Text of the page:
Figuring that people get their international news elsewhere, Lawrence.com focuses on local events. It treats Little League baseball as if it's the majors. High school games get a lot of play. Visiting and local rock bands get special features, as do events of interest to students at the University of Kansas.

Likewise, the Northwest Voice, a weekly community newspaper and Web site (www.northwestvoice.com) in northwest Bakersfield, Calif., features a calendar of local events, listings of birthdays and anniversaries of people who live in town, news about the area's schools and churches, and community photos submitted by local residents.

People love to read about issues that are relevant to their everyday lives, says Mary Lou Fulton, publisher of the Northwest Voice. "We need to expand our definition of what news is," Fulton says. "It needs to be more what news is as defined by the readers."

Photo magic

Another key to building a successful newspaper Web site, media experts say, is to keep track of the newest of the new technologies and find creative ways to use them.

Virtual reality (VR) photography is one example of a cool technology with lots of potential. VR photography allows the viewer to click on an image and use the mouse to move around within it and zoom in and out. More interactive than still photos or video clips, VR images are interesting both artistically and for practical reasons. They can provide images of the scene of a crime or show potential buyers what the inside of a house looks like.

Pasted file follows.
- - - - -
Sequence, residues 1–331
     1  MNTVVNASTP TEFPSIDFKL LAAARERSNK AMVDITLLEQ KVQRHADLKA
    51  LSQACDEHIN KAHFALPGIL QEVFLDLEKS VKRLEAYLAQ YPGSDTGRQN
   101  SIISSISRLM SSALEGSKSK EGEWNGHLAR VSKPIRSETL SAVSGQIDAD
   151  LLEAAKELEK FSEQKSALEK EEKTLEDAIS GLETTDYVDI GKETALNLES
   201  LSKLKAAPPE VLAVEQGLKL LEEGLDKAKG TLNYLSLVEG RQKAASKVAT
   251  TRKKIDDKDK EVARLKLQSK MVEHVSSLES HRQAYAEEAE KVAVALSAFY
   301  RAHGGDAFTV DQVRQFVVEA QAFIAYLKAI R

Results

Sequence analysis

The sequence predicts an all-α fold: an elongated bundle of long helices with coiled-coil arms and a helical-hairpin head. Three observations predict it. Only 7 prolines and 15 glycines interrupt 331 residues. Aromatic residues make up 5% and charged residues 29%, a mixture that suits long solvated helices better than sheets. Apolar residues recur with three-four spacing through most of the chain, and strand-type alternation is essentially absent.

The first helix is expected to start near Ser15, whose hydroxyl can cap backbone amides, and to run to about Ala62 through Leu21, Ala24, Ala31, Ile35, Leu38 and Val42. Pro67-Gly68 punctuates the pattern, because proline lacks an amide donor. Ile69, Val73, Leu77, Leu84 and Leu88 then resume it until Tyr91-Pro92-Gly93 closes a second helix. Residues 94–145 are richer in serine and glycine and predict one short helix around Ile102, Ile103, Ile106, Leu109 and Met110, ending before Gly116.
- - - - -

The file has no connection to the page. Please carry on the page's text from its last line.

To create a VR photograph, experts such as geographer Donald Bain and photographer Landis Bennett mount a digital camera in one spot, then take multiple pictures to get a 360-degree panorama. They shoot up and down, left and right. Then, they use computer programs to piece the images together and make the result interactive. When done well, a VR panorama can make you feel as if you're in the picture.

Mono Lake in California has salty water and is famous for its weird mineral formations. To see a VR panorama of the lake, go to geoimages.berkeley.edu/wwp605/html/JohnDotta.html or click on the link shown below.
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Mono Lake in California has salty water and is famous for its weird mineral formations. To see a VR panorama of the lake, go to geoimages.berkeley.edu/wwp605/html/JohnDotta.html or click on the link shown below.

I. Peterson

To see a VR panorama of Mono Lake, California, go to geoimages.berkeley.edu/wwp605/html/JohnDotta.html. To see some other examples of VR panoramas, go to geoimages.berkeley.edu/wwp605/ (University of California, Berkeley).

Putting together a basic VR image is fairly simple, Bain and Bennett say. Getting journalists to use the technology for news coverage may just be a matter of time. "With any new technology," Bain says, "you have to educate people about what they're seeing."

News chats

Besides special features and information about local events, interactivity helps make people loyal to certain news sites. Blogs and discussion boards allow ordinary citizens to present their views and find out what other people think. Live chats with politicians and community leaders give people a chance to ask questions directly of people who are normally hard to reach.

"People reveal things on chats that they won't tell reporters," says Rob Curley, who runs Lawrence.com.

For young people and newspapers, the news isn't all bad. Some kids do read daily newspapers and find them to be useful, reliable sources of news. Students go to newspapers or their Web sites to do homework. Some work on newspapers at their schools.

Like many adults, kids turn to newspapers for material that's of interest in their day-to-day lives—comics, movie listings, celebrity doings, puzzles, entertainment, sports, fashion tips, and, sometimes, current events. They skim the pages, picking out the pieces they find interesting, reading as much or as little as they care to, perhaps marking or tearing out something of particular value.

Clearly, however, newspapers need to try harder to take advantage of new technologies to tell their stories in ways that attract and involve readers, young or old.